Note: This post is intended for those living with Generalized Anxiety Disorder and Panic Disorder. PTSD is a severe form of anxiety caused by trauma. If you live with mental or physical symptoms of trauma, I am very sorry for what you have gone through. I encourage you to seek professional help or contact the ADAA for support.
Anxiety disorders are very common.
To me, one of the first and most important steps toward successful recovery is understanding that you are not alone. Symptoms that might seem to you to be strange, bizarre, or horribly frightening, are being felt by people all over the world – quite possibly by somebody living on the same street as you.
Not only are you not alone in living with your anxiety disorder, but it doesn’t mean you are “sick” either. It takes a lot of great personality traits to cook up an anxiety disorder; you are an interesting person! Feeling anxiety is nothing to be embarrassed about or feel shame over. It’s simply the result of the way your body, brain, and personality work together to keep you safe. They do a great job. A little TOO good actually. Be proud of that. Own it.
Never forget that anxiety is actually there to help you live a longer, better life. Yes it is obnoxious, and overbearing and downright scary at times. But its purpose is to wake you up and get your attention. Anxiety is trying to tell you that you need to slow down your life and start taking better care of yourself and speaking to yourself in a healthier, stronger way. Sweet and subtle nudging won’t push you into action. The message has to be tough and strong, through symptoms that MAKE you pay attention. If you listen to those symptoms, and the overall message your anxiety is sending, and start living your life in a healthier way, you will be amazed at the positive changes that will occur – both inside your mind and body, and throughout your world.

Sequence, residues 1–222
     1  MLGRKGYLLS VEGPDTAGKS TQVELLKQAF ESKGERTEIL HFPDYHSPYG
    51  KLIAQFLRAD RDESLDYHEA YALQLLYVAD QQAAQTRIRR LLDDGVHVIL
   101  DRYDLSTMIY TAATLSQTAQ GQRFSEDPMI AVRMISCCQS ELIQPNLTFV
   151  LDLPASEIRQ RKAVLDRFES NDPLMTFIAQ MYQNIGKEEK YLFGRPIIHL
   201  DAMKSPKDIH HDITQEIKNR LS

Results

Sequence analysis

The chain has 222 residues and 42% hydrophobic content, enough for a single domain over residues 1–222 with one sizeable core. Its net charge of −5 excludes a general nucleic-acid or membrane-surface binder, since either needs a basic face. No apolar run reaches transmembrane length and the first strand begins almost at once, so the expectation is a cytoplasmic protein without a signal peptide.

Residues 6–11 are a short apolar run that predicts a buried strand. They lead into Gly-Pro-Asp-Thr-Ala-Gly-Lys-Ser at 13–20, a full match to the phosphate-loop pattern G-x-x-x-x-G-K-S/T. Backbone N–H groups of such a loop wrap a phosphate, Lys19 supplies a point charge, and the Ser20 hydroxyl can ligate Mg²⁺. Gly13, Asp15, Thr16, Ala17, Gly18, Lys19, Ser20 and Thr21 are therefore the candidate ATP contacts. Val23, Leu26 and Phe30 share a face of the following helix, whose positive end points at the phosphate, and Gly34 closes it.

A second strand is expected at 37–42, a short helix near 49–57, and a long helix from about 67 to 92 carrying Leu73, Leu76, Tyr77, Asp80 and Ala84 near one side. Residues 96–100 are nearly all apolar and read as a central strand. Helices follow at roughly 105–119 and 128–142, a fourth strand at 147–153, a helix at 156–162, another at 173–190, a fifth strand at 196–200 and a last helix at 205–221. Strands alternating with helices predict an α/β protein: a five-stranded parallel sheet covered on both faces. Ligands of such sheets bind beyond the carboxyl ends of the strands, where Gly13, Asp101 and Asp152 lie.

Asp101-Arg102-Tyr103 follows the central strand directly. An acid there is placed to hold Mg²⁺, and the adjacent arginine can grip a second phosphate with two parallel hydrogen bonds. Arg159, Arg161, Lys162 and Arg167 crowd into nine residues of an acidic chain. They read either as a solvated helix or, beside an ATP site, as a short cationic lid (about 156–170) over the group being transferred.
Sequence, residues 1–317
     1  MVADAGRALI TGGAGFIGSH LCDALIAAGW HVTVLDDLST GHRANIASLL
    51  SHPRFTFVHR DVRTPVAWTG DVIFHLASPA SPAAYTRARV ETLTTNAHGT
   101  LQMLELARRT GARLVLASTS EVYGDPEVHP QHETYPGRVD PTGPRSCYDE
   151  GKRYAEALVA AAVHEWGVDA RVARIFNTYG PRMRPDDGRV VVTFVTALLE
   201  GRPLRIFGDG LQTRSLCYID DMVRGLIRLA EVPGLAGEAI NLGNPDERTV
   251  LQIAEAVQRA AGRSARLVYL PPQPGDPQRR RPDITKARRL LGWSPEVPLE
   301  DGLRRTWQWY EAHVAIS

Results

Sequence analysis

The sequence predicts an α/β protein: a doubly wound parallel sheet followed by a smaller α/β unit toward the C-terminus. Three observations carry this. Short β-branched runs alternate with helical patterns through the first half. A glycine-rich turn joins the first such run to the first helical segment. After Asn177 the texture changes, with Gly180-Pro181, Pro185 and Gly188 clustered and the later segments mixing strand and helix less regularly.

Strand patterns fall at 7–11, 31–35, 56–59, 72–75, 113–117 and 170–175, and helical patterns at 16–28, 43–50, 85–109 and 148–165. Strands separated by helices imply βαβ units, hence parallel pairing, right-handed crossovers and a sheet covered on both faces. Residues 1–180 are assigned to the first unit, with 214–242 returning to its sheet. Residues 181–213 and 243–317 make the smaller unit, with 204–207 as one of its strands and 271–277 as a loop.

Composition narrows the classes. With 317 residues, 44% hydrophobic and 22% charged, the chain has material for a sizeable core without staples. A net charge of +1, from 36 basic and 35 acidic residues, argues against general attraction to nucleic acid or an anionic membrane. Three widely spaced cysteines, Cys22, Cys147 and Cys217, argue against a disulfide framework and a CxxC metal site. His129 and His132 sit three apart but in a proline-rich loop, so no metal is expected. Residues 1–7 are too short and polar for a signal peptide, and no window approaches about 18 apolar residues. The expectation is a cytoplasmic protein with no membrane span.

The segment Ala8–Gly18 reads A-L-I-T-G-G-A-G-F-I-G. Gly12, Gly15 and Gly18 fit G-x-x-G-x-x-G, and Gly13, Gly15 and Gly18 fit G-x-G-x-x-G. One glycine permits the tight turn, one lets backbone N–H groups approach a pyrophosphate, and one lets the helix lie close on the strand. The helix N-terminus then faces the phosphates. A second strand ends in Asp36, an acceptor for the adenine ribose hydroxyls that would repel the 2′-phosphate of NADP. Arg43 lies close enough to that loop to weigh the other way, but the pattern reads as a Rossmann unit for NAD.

Familiarize yourself with the information in this graphic from Union Quay Medical Center. This graphic was created using statistics from both the UK and the US with sources at the bottom of the graphic. Familiarize yourself with as much about anxiety and stress as you possibly can so you can de-mystify it, understand it what its purpose in your life is, and eventually (yes its possible) make friends with your anxiety and use it to make your life better.